Radiometric dating assumptions
The following quote from The Earth: An Introduction to Physical Geology by Tarbuck & Lutgens, pp.
55-57, (1987), gives us an idea of the tremendous complexity of the processes that occur when magma solidifies.
There is also an exhaustive study of this subject called the (Radioisotopes and the Age of the Earth) Group, a team of six scientists who are investigating the subject in depth, and have published the first of several studies. Carbon-14 dating has limited value for evolution because its half-life is too short.
Such processes can cause the daughter product to be enriched relative to the parent, which would make the rock look older, or cause the parent to be enriched relative to the daughter, which would make the rock look younger.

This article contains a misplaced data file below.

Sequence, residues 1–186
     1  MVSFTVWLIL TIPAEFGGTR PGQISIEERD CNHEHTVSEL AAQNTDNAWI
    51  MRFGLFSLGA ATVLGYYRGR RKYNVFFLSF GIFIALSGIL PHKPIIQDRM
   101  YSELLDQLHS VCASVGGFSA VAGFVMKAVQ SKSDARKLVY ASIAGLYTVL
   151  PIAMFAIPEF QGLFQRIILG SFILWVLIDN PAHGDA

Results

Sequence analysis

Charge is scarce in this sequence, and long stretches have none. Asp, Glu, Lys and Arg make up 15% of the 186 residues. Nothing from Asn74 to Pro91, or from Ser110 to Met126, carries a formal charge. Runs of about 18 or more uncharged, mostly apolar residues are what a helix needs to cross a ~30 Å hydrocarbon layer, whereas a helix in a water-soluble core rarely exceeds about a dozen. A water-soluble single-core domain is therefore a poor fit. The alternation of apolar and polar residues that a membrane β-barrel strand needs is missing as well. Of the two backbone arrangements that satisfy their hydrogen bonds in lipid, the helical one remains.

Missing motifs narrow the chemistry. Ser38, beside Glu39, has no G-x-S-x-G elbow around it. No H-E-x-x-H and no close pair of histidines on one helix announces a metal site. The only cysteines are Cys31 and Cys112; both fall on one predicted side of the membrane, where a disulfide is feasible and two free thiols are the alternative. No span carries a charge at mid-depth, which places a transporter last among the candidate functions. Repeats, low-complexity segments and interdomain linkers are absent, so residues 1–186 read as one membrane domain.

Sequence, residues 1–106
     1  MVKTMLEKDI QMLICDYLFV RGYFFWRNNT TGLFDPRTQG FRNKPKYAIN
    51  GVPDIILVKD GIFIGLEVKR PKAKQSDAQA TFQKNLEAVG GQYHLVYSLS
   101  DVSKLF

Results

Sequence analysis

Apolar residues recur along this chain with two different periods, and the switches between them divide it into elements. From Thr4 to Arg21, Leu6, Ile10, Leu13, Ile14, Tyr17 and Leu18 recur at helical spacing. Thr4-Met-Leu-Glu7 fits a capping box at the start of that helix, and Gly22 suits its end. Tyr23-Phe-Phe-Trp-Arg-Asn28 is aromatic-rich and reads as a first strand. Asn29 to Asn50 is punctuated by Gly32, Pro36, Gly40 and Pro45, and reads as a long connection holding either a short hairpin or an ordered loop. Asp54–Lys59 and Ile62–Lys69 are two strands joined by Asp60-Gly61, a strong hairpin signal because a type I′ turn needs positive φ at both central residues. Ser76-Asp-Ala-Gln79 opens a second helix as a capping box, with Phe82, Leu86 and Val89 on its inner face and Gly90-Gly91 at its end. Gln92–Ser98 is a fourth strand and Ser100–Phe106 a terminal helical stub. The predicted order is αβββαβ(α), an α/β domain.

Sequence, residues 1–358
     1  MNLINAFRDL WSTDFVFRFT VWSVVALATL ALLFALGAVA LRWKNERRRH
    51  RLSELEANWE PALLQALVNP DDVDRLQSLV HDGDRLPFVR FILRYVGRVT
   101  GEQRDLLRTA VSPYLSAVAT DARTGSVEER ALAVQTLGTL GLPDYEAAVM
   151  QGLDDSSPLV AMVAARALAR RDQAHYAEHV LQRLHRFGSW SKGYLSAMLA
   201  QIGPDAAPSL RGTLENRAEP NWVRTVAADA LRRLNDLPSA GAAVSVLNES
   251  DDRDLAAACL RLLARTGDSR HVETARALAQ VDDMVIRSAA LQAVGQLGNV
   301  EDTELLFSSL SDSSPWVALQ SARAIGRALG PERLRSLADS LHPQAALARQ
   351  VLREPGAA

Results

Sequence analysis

This calls the whole radiometric dating scheme into serious question.
The general idea is that many different minerals are formed, which differ from one another in composition, even though they come from the same magma.
The mineral makeup of an igneous rock is ultimately determined by the chemical composition of the magma from which it crystallized.
Therefore, since sedimentary rock is the only kind of rock that bears fossils, a relative date is estimated by the position of a sedimentary rock in relation to an igneous outflow.